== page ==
“Spirituality is not for hobbyists. We engage with the spiritual world every time we reach beyond ourselves, every time we encounter and form relationships with other people…we belong to a complex, platitudinous ecosystem that extends beyond us limitlessly in all directions. If it’s possible to say that spirituality begins the moment we enter a relationship (with God, with each other, with our per, a garden), then how great is the need for spiritual ecology? We are after all in relationship with every living thing on the planet, even if we can’t see so far as to know it.”

This book argues that we get closer to God when we come closer to creation, when we do our best to protect and restore it, and when we seek forgiveness for how we have harmed it. Great Read!

Introducing the Missional Church (Alan Roxburgh and Scott Boren)IMG_6121
What is Missional Church? This book lays out the challenges of answering that question. It’s authors argue that we have too long been fixated on attritional models of ministry. Build it and they will come. In the very well written book on Missional Church, Roxburg and Boren give great direction on how to help congregations move from putting out fires and building programs to get them to come to outlining how to create space where people can honestly talk about our fears with the change we all face in the church and then work to discern how God is at work in the neighbourhoods around us and become present and active with God.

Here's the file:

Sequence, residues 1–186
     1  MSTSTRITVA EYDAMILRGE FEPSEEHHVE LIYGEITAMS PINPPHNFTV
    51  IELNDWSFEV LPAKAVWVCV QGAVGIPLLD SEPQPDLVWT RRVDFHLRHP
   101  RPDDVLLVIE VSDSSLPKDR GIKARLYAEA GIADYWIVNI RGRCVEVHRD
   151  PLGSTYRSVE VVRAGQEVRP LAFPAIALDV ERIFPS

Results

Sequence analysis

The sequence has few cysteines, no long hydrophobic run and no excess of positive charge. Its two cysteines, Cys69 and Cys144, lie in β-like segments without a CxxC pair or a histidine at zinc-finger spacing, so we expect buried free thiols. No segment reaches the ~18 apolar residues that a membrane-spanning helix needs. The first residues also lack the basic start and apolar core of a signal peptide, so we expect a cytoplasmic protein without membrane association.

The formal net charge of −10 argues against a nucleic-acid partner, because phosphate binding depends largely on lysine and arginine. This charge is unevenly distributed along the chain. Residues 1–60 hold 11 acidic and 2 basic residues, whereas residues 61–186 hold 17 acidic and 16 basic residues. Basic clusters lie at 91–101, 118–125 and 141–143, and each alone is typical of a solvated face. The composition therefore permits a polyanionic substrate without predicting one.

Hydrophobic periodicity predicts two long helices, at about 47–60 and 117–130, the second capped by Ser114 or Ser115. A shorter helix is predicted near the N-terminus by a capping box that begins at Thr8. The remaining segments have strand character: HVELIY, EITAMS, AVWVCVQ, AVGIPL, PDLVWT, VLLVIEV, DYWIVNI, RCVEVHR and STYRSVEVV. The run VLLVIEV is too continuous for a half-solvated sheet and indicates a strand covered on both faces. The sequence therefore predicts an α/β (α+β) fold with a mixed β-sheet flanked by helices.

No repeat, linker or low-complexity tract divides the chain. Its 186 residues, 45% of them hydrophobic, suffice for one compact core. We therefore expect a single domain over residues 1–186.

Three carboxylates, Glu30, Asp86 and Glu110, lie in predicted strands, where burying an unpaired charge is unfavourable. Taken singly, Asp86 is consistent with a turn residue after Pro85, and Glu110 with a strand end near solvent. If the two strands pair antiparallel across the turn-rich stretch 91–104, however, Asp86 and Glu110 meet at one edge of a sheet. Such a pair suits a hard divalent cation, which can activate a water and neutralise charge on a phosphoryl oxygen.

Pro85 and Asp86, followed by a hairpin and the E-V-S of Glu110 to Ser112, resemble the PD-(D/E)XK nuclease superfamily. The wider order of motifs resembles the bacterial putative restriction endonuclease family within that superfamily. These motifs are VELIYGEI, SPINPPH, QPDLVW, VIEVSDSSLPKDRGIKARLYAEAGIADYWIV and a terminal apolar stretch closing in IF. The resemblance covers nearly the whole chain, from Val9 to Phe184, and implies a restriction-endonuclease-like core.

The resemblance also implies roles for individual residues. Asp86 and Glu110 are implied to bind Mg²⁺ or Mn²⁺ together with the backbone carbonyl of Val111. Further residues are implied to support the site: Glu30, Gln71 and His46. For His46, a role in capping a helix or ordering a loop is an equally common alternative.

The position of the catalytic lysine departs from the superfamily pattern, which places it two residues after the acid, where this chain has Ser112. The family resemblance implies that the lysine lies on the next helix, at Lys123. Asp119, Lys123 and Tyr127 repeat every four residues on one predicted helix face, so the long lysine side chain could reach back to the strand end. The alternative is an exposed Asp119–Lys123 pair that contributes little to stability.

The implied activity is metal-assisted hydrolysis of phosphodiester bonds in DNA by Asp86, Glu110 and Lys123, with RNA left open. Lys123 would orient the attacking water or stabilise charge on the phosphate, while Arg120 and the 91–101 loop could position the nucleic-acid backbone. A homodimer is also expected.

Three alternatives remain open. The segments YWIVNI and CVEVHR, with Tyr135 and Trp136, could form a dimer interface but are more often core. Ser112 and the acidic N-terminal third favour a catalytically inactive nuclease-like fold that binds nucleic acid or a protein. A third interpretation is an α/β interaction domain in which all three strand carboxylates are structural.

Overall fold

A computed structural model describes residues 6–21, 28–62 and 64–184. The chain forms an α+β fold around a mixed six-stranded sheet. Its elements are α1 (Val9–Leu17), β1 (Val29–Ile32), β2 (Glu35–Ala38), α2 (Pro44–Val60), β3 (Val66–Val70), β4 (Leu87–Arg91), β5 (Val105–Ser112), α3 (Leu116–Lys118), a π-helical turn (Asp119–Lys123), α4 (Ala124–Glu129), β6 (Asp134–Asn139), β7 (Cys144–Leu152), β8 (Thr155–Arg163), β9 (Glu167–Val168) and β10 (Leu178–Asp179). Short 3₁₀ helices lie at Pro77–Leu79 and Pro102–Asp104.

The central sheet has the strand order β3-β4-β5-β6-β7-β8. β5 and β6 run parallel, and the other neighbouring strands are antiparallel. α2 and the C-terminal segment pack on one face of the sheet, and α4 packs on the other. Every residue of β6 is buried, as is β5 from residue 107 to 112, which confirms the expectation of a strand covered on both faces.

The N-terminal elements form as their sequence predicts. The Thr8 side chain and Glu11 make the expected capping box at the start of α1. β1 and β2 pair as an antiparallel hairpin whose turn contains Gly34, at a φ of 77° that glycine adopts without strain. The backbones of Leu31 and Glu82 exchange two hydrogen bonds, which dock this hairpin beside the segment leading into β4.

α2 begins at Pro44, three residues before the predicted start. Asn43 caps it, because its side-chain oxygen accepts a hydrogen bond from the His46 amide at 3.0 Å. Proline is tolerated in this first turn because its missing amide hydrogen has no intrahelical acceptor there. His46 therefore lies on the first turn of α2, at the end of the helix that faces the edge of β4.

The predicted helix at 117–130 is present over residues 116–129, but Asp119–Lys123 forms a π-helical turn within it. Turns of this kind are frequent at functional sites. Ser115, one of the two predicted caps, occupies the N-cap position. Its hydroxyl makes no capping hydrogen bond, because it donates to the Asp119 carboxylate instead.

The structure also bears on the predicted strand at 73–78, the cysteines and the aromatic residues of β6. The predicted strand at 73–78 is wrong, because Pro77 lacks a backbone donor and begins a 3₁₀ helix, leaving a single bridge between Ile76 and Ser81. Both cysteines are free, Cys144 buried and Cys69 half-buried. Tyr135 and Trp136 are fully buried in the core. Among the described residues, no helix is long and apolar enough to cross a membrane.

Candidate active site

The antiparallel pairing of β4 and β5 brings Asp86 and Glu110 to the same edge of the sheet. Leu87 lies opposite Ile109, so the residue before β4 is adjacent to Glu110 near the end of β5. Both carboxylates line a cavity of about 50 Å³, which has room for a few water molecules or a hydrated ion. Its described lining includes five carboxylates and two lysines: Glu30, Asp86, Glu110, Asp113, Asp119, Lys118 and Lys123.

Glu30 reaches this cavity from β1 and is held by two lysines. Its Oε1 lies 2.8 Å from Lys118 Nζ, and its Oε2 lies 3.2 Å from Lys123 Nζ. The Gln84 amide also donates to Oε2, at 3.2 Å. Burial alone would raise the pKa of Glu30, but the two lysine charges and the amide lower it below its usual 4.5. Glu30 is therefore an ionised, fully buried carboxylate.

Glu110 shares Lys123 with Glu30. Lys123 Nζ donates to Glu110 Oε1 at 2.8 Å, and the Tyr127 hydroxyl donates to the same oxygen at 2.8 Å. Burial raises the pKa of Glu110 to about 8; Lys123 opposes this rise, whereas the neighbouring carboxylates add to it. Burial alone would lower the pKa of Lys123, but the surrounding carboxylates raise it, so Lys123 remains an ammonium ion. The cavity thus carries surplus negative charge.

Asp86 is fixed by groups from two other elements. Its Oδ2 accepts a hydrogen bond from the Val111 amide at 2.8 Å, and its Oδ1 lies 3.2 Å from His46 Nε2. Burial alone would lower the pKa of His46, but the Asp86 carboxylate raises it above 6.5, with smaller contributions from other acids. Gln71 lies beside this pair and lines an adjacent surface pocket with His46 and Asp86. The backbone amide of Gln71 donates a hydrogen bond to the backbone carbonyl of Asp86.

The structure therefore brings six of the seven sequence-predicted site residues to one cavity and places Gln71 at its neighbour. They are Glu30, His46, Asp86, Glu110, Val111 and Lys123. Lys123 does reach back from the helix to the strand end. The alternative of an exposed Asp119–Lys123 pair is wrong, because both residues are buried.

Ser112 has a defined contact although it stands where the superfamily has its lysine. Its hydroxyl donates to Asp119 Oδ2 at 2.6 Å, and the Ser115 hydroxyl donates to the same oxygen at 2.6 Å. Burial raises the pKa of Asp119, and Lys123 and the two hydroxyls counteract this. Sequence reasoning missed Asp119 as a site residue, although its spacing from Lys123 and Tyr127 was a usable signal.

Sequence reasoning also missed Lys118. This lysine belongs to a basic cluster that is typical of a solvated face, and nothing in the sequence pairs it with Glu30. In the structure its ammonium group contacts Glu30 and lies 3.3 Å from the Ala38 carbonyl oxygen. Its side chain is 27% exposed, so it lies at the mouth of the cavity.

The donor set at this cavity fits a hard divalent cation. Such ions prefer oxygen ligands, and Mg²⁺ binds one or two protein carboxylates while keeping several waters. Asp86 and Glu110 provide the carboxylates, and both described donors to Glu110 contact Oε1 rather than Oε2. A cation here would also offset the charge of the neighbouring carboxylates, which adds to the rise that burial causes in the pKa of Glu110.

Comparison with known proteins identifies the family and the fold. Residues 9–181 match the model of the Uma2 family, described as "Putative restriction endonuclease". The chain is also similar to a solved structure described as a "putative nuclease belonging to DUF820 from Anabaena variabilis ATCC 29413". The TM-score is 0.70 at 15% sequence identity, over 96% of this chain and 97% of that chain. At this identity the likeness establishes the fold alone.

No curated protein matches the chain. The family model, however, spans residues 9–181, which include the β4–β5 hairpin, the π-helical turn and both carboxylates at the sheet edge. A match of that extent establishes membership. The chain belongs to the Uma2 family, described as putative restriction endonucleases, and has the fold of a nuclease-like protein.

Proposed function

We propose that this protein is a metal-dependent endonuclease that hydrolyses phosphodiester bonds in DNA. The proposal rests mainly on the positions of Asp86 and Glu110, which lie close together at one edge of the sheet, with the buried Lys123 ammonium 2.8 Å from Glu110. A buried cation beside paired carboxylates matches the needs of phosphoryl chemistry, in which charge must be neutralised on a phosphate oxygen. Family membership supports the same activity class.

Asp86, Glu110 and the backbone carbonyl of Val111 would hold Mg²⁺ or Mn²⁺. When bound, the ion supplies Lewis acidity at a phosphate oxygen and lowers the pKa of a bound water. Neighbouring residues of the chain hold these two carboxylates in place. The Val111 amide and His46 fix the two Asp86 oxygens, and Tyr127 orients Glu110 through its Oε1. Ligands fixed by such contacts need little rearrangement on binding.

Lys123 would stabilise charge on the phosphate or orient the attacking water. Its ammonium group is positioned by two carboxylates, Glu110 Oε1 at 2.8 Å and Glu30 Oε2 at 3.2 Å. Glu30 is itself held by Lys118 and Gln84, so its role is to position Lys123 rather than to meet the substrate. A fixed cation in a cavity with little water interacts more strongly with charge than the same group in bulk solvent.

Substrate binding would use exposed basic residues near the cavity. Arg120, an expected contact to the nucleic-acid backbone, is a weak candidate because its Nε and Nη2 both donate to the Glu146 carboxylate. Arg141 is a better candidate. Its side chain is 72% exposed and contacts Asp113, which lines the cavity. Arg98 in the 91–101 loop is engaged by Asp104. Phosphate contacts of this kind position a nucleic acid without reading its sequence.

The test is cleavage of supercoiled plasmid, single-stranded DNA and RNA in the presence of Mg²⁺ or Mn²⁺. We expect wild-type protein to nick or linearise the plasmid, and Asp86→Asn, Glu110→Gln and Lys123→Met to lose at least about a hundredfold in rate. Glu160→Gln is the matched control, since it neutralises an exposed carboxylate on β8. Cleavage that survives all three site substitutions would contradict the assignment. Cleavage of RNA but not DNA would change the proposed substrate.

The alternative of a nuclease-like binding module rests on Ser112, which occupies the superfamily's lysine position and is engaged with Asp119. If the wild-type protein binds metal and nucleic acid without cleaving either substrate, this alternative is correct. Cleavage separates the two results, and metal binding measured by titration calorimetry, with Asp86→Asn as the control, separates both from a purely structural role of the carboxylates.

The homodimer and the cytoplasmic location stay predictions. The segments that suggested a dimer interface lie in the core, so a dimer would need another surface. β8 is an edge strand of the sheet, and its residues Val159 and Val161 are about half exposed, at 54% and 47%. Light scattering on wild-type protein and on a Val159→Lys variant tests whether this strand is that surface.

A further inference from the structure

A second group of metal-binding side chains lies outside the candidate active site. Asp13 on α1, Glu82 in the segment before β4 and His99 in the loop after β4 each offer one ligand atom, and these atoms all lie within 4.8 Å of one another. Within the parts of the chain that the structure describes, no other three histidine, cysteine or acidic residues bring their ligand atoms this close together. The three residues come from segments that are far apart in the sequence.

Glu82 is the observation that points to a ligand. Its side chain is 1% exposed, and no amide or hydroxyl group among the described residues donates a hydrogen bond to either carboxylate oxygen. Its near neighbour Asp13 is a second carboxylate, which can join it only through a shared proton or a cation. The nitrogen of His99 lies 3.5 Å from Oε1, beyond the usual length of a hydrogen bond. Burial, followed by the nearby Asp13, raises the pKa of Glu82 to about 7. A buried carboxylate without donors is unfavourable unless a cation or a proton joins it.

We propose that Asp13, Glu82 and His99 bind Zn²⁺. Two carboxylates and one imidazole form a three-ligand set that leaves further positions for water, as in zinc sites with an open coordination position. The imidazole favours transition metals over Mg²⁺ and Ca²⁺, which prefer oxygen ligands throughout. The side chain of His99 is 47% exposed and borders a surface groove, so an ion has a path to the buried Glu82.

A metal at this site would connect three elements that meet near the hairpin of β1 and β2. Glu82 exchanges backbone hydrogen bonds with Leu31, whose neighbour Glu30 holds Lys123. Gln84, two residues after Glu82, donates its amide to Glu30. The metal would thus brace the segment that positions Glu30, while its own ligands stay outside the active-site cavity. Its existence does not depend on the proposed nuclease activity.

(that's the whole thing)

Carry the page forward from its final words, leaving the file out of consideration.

They write:

What would it be like to cultivate a church in which people ask deeper questions without strings attached? What is important to emphasize is that we don’t need to have answers in order to create this space for people. In fact, having all the answers and bible verses on hand runs contrary to what we [should be doing]. We need an environment in which people feel safe to give voice to what is happening inside them right now.

This is another book that should be on every pastor’s reading list

An Interrupted Life and Letters from Westerbrook  (Etty Hillesum) Screen shot 2015-07-28 at 11.17.08 PM

“Despite everything, life is full of beauty and meaning.”

This is a powerful book. Etty Hillesum’s dairies and her letters tell the story of her life as a Dutch Jew during WWII. Her letters from Westerbrook show the unbelievable resolve of a woman who would not let violence and hate kill her spirit.